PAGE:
Copyright 2011, Blake, Cassels & Graydon LLP
Originally published in Blakes Bulletin on Intellectual Property – Social Media Series, January 2011
The use of social media to advertise regulated products, such as pharmaceuticals and medical devices, can be very powerful, but is also fraught with risk. Recently, a drug company entered into a clever but provocative partnership in the United States with a professional race car driver, who also happens to be an avid TWITTER user and diabetic. In response to the driver's request to TWEET about two insulin products made by the company, the company said he could only do so if he included the drug's generic name as well as a link to information about the drug's risks and benefits. The driver now regularly TWEETS about his insulin, a recent example being, "Saw an ad for [branded product] on TV! For [branded product] [generic name] prescribing information: [website link]".
By contrast, some companies have not fared so well with their foray into social media. Another major pharmaceutical company in the U.S. set up a FACEBOOK page that was soon flooded with postings by one disgruntled patient who claimed that the company's chemotherapy drug disfigured her because it caused permanent baldness. The patient said that she took her dispute to FACEBOOK because she had written multiple times to the company to no avail.
The company subsequently posted a disclaimer on its FACEBOOK page stating that the page is not intended as a forum for discussing products of the company or other companies and that postings containing any product discussions would be removed. Although the offending posts were removed, the public relations damage was already done.
Although social media are already crucial advertising vehicles for many companies, it has not been as widely embraced by those in the pharmaceutical and medical device industries. One reason for this is the lack of clarity on how health regulators will view certain activities. Although laws of general application apply regardless of the advertising medium used, the application of these general laws can be uncertain.
Compared to traditional media, social media are more interactive, with businesses having less control. Businesses contemplating initiatives using social media are concerned about their potential obligations and liabilities relating to the content and action of an unrelated third party.
Guidance by Regulators on Social Media Advertising
The lack of certainty on how laws are applied has many stakeholders anxiously awaiting the U.S. Food and Drug Administration's (FDA) guidance on advertising in social media. The FDA held a hearing on the "Promotion of FDA-Regulated Medical Products Using the Internet and Social Media Tools" in late 2009. Interestingly, some submissions essentially stated that the key is that guidance be issued, whatever the guidance may be.
Although the FDA had been expected to release guidance by the end of 2010 on a comprehensive range of issues, it now appears that the FDA's new target is to release guidance on one issue by the first quarter of 2011.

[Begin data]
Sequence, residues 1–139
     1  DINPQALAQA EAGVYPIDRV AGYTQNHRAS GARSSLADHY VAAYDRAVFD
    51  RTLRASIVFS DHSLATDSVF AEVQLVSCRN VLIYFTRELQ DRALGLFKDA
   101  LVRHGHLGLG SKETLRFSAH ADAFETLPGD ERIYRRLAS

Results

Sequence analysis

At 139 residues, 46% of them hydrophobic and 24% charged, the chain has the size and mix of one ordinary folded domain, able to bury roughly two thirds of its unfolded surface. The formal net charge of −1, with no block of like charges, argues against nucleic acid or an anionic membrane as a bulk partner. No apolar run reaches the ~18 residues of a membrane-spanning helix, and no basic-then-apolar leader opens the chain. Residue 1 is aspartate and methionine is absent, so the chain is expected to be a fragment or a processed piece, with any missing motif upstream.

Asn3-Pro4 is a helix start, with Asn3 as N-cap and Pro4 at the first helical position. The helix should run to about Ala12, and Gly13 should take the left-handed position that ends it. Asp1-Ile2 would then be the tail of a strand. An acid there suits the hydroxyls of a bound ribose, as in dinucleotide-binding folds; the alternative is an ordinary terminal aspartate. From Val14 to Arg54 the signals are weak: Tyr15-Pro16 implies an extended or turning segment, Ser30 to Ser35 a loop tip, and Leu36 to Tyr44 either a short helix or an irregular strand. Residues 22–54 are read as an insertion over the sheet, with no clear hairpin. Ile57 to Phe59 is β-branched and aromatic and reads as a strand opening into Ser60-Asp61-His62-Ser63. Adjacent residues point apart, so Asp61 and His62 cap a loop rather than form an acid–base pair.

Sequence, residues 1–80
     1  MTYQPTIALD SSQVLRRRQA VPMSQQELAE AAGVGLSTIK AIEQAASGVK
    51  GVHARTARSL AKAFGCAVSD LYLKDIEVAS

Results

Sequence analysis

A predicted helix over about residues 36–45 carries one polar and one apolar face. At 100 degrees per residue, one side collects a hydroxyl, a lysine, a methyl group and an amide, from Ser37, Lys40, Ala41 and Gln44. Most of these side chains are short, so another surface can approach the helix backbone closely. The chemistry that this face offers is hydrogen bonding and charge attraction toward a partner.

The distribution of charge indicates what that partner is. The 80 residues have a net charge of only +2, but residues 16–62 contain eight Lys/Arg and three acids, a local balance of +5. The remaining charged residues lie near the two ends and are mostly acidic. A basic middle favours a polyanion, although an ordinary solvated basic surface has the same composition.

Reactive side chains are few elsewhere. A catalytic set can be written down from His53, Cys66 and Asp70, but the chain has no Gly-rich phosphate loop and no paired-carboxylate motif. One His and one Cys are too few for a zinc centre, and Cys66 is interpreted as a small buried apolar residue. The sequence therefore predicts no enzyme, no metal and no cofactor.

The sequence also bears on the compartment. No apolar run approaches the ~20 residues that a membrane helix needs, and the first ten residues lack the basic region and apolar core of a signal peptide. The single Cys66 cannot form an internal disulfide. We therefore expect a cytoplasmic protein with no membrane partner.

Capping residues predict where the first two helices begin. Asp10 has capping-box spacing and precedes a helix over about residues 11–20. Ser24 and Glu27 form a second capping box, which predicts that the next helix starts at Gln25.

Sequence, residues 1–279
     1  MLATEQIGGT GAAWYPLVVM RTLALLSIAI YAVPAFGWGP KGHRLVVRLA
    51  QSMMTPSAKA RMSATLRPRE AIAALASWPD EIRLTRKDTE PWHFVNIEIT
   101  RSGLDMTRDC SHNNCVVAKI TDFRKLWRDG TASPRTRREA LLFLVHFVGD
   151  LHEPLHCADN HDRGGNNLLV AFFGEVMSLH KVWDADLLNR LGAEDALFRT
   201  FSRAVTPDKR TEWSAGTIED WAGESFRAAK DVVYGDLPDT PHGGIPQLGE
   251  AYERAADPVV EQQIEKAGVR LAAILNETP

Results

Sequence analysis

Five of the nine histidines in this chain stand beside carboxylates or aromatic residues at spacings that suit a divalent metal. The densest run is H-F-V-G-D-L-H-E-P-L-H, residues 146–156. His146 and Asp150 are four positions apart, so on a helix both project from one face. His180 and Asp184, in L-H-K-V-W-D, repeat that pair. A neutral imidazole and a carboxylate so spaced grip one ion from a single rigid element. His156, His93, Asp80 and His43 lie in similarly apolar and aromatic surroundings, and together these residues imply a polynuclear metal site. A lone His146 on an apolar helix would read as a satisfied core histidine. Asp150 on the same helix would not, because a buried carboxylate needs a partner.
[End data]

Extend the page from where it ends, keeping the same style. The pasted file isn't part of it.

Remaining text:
Despite the FDA's delay, Canadian guidance specifically addressing advertising in social media will likely lag the U.S. since, although "[t]he idea of creating guidelines for the pharmaceutical industry's social media marketing projects was raised" at the April 2009 meeting between Health Canada and Canadian advertising pre-clearance agencies, no significant advance appears to have occurred.
It is interesting to note that a number of Health Canada's general advertising policies now make reference to "social media", if only to reinforce the principle that Health Canada's general advertising requirements apply regardless of the medium.
Advertising Drugs an d De vices in Social Media
The following highlights three key issues that advertisers of pharmaceuticals and medical devices should consider prior to embarking in the realm of social media, namely: (i) off-label claims; (ii) insufficient disclosure; and (iii) reporting obligations.
Given the lack of guidance from the regulators, there are many unanswered questions and how these issues will be resolved is unclear. However, set out below are some questions and factors that companies should at least consider so they can make a more informed assessment of their risks and determine the best approach in the absence of official guidance.
1. Off-Label Claims
Pharmaceutical and device companies cannot promote their products "off-label" (i.e., they cannot promote their products for an unapproved medical condition or use). Although this is clear, what is less clear is a company's obligation or responsibility when an off-label claim is made by a third party.
For example, a company might sponsor an initiative where patients, consumers or health-care professionals can post comments or questions about a particular drug or medical device. What happens if a third party makes an off-label claim about the product?